Mayor Francis Slay said he has signed several measures to increase diversity in construction work forces. Based on an executive order he proposed, a city ordinance was passed. The ordinance ensures that St. Louis City construction project labor is performed 25 percent by minorities, 5 percent by women, 15 percent by apprentices, and 20 percent by city residents.

“We want to make sure that workforce is as diverse as the community that we live in,” said Slay.

However, many contractors have not yet met these goals. El-Amin said that MOKAN’s program should help employers meet those hiring requirements.

“We believe that it makes sense economically for our community, it makes sense as far as reducing crime, to help strengthen job opportunities for the people who live here,” said El-Amin.

The state of training in St. Louis

Currently, Building Union Diversity is the other major pre-apprenticeship program that attempts to address these issues by training minorities and women for construction jobs around St. Louis. There are numerous differences between the two programs.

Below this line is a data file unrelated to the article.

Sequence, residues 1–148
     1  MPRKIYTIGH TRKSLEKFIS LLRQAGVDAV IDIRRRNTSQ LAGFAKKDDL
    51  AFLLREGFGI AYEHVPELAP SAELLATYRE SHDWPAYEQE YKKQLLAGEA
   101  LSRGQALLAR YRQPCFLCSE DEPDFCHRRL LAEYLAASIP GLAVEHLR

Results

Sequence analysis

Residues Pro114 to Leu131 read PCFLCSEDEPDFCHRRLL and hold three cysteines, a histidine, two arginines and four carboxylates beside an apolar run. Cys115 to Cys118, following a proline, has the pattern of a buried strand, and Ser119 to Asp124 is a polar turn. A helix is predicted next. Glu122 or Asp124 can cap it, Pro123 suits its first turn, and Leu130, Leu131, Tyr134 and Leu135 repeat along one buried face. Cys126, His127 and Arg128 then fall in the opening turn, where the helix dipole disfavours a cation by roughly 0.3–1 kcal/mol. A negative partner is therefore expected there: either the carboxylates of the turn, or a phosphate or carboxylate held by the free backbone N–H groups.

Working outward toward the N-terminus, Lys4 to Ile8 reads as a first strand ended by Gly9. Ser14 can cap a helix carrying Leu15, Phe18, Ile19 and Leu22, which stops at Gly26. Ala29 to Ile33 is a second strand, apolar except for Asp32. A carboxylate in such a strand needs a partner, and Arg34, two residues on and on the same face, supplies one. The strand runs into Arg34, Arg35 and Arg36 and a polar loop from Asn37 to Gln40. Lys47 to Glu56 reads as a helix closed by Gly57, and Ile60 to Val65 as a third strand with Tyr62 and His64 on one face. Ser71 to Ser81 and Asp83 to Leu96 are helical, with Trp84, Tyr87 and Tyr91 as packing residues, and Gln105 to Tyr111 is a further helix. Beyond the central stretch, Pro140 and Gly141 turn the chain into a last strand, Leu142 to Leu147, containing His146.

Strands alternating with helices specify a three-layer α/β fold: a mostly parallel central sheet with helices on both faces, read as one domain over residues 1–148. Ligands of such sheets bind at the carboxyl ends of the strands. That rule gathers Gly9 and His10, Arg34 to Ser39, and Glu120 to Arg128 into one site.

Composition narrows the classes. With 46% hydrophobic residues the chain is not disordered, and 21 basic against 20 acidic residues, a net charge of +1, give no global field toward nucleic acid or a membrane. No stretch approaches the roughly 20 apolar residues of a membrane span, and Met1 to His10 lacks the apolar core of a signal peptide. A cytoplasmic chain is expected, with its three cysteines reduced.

While BUD is union-sponsored, MOKAN’s program is community-based. MOKAN, unlike most non-union programs, has been certified by the Department of Labor—which means it’s held to higher standards than most non-union pre-apprenticeship courses.

MOKAN’s remedial training, which addresses trainees’ potential deficits’ in math and literary skills necessary to succeed in their chosen field.

El-Amin also said that the program will offer drug counseling, which is rare. BUD requires trainees to pass a drug test prior to admittance to the program. MOKAN, on the other hand, tests trainees throughout the program. By providing resources like counseling throughout the program, MOKAN will ensure that graduates can pass their drug test and get hired. This makes MOKAN’s program more accessible.